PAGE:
What do you do all day long? I spend my time speaking with customers about what’s new in SAS 9.4, answering technical questions, and showing new users what they can do in SAS. You might spend your time on SAS data management tasks such as bringing in data and joining tables together, SAS analytic tasks such as building a model, or finally, SAS reporting tasks to share your insight throughout the organization.
The question is: how can we speed this up for you and give you some of that valuable time back? The answer is: by making all of these SAS processes repeatable.
The best way to make them repeatable is to take advantage of the SAS functionality for scheduling. Analysts have several options for scheduling their work to be run on a regular basis, whether it’s daily, weekly, monthly or otherwise. The options range all the way from writing SAS code, to a point-and-click GUI, to tools for IT Administrators.
1. Scheduling SAS code in batch
If you are a SAS coder, like me, you may have a lot of *.sas files on your computer. You can still schedule these pieces of code to run by setting up a batch process.
First, you will want to create a *.bat file that can be recognized by your operating system. You will need to know where SAS is installed on your local machine. You will also need to decide where to save your output (the *.lst file) and your log file (the *.log file). It is also possible to run multiple pieces of SAS code in the same *.bat file. These jobs will run consecutively. You can create the *.bat files in a text editor, like this:
Then, you will want to use your operating system (OS) scheduler to schedule the job. On my Windows 7 laptop, I use the “Task Scheduler” and select “Create Task”.
The minimum changes required are under “Triggers” and “Actions”. Under “Triggers” select “New” and make your selections appropriately. Select OK when done. Here are my selections.
Then under “Actions”, select “New” and make your selections appropriately. Select OK when done. Here are my selections.
Click OK and you are good to go! After the task has run, you can see if it was successful by checking out the “Task Status” under the Task Scheduler.
For more information, Examples of Batch Processing under Windows talks about scheduling in batch mode using your operating system.
2. Scheduling process flows or projects in SAS Enterprise Guide
Do you prefer point-and-click? SAS Enterprise Guide makes it easy to schedule your process flows or entire projects using your Windows operating system. SAS Enterprise Guide includes a built-in scheduler.
Chris Hemedinger has written on the topic, so I’ll let the expert speak for me. In his blog post Doing more with SAS Enterprise Guide automation, Chris writes about going beyond basic scheduling and taking advantage of the Enterprise Guide scheduler. He also wrote a paper on the topic: Not Just for Scheduling: Doing More with SAS® Enterprise Guide® Automation.
If you are looking for basic scheduling of Enterprise Guide process flows and projects, simply click on “File” -> “Schedule Project” or click on “Schedule” above the workspace and then select “Project” or “Process Flow”. This will open up your operating system scheduler. In my case it is using Windows Task Scheduler again. Follow the prompts from there. They are similar to what I had in example # 1 above. This is discussed in greater detail in the free chapter available for The Little SAS Book for Enterprise Guide 4.2. More information is also available in the HELP menu of SAS Enterprise Guide, under “Automating Projects”.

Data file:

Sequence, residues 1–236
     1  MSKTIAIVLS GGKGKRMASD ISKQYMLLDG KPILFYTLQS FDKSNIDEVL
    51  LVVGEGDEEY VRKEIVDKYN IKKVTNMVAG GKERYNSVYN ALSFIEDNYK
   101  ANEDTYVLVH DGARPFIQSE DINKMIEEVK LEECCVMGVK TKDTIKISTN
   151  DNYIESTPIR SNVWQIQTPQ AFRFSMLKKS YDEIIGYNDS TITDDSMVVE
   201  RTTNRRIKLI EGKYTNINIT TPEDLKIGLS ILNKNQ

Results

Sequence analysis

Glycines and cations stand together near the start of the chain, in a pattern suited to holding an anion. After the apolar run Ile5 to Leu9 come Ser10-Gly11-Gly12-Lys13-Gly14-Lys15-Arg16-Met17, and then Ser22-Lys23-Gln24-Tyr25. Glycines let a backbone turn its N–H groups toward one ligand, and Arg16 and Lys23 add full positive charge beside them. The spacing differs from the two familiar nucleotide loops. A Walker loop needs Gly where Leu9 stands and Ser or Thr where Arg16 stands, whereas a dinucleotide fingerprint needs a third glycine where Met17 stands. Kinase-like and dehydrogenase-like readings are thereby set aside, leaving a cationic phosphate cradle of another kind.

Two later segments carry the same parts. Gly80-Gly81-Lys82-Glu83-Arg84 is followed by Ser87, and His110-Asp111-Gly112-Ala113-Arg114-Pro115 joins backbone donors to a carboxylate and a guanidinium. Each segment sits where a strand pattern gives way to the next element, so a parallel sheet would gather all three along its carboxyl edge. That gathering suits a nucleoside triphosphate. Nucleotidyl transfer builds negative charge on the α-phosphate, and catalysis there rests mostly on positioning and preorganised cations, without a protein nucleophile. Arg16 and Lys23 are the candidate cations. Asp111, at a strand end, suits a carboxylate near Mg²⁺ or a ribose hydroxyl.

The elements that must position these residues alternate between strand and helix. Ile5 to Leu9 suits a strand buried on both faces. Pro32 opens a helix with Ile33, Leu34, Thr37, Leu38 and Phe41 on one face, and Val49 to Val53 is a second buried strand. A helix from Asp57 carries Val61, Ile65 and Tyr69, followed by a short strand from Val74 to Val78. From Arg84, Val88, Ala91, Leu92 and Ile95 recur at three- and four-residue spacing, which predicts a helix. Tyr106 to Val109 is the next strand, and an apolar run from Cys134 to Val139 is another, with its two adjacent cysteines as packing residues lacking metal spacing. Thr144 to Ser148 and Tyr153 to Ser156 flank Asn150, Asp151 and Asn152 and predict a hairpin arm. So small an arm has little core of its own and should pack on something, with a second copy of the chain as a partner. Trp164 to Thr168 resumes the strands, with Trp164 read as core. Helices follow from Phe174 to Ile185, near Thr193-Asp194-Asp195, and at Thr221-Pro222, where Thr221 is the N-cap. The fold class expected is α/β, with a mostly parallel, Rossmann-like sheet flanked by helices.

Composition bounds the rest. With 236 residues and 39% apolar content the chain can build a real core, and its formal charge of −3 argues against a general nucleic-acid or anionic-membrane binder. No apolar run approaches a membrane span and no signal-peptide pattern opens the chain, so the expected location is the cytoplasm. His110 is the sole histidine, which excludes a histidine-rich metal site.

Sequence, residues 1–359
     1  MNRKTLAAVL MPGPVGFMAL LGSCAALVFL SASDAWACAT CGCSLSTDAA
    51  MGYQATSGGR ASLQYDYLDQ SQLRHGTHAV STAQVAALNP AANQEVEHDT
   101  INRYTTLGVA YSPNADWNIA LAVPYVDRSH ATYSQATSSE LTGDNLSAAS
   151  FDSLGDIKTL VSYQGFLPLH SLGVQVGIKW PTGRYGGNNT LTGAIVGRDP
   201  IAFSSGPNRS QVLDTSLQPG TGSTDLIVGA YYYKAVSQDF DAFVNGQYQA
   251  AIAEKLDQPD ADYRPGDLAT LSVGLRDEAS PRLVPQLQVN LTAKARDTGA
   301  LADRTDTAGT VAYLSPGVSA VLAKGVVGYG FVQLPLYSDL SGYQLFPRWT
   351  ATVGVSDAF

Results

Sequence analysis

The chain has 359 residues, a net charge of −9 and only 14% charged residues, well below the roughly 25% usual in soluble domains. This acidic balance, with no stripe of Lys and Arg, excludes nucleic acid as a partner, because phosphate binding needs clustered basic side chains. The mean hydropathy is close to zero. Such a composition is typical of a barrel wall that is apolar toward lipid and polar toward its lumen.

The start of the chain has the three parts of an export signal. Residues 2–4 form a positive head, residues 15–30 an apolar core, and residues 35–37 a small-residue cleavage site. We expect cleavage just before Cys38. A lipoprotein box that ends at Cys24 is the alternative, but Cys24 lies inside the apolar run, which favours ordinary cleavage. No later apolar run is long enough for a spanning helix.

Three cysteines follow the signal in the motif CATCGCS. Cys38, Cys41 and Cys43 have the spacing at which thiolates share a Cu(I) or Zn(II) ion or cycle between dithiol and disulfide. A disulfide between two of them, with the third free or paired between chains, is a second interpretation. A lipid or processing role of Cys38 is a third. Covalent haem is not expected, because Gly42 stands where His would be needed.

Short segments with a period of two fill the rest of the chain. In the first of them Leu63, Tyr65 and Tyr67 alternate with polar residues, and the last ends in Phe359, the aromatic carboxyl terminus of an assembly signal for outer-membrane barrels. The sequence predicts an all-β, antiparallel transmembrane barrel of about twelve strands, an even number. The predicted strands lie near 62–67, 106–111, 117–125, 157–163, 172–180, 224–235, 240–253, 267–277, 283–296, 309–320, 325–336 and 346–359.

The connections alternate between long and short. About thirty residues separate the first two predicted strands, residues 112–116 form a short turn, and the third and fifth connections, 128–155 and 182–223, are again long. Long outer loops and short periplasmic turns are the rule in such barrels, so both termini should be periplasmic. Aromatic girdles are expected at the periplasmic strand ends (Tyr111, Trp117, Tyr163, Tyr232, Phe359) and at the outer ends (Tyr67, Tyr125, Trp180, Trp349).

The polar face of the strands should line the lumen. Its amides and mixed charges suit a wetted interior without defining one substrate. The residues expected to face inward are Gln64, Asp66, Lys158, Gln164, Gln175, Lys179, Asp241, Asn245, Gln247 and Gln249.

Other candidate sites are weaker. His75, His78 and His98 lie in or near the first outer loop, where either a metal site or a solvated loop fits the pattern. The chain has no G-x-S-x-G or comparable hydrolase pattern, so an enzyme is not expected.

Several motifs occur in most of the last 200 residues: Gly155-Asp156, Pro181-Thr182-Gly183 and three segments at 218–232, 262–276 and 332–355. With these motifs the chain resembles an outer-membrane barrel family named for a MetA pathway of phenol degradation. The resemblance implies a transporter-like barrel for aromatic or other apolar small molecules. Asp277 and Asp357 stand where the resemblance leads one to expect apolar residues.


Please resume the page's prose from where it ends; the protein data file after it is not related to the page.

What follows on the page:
3. Scheduling jobs with SAS Management Console
SAS administrator? The Schedule Manager plug-in in SAS Management Console takes advantage of your operating system scheduling server. The Scheduler Manager can be used to schedule user-written SAS code or jobs that were created in SAS Data Integration Studio, SAS Marketing Automation, SAS Marketing Optimization and SAS Web Report Studio. Additionally, those batch tasks we talked about in #1? Yep, you can schedule them here, too. You are also able to create flows, which can consist of multiple SAS jobs. Most typically, the criteria for triggering the job here is Date/Time.
For more information, please see Operating System Scheduling under SAS Management Console documentation.
4. Scheduling with the Platform Suite for SAS
Need something with a little more oomph? Sometimes you need more advanced scheduling capabilities, in which case the Platform Suite for SAS can help. This feature can be used for scheduling and automating your SAS workload across a single server or a distributed grid environment. SAS Enterprise Scheduling is available as an add-on for single machine environments and is also a component of SAS Grid Manager for use in multiple machine environments. Some of the features for SAS Grid Manager include:
- Create SAS workflows and schedule them based on time and file events
- Combine multiple related SAS programs and other SAS jobs into a job flow
- Define the order in which the jobs in the job flow executes
- Specify that a job execute, or not, depending on the status of an earlier job in the flow
- Trigger a job flow to start based on the existence or age of a file
- Manage resource requirements and provide for load balancing through Platform LSF (Load Sharing Facility)
SAS® Scheduling: Getting the Most Out of Your Time and Resources is a great whitepaper to get you started. Please see Platform Suite for SAS for more information scheduling in a grid environment.
I hope this has been a helpful overview of your scheduling options within SAS. I also hope this frees up some of your time and your analyst’s time!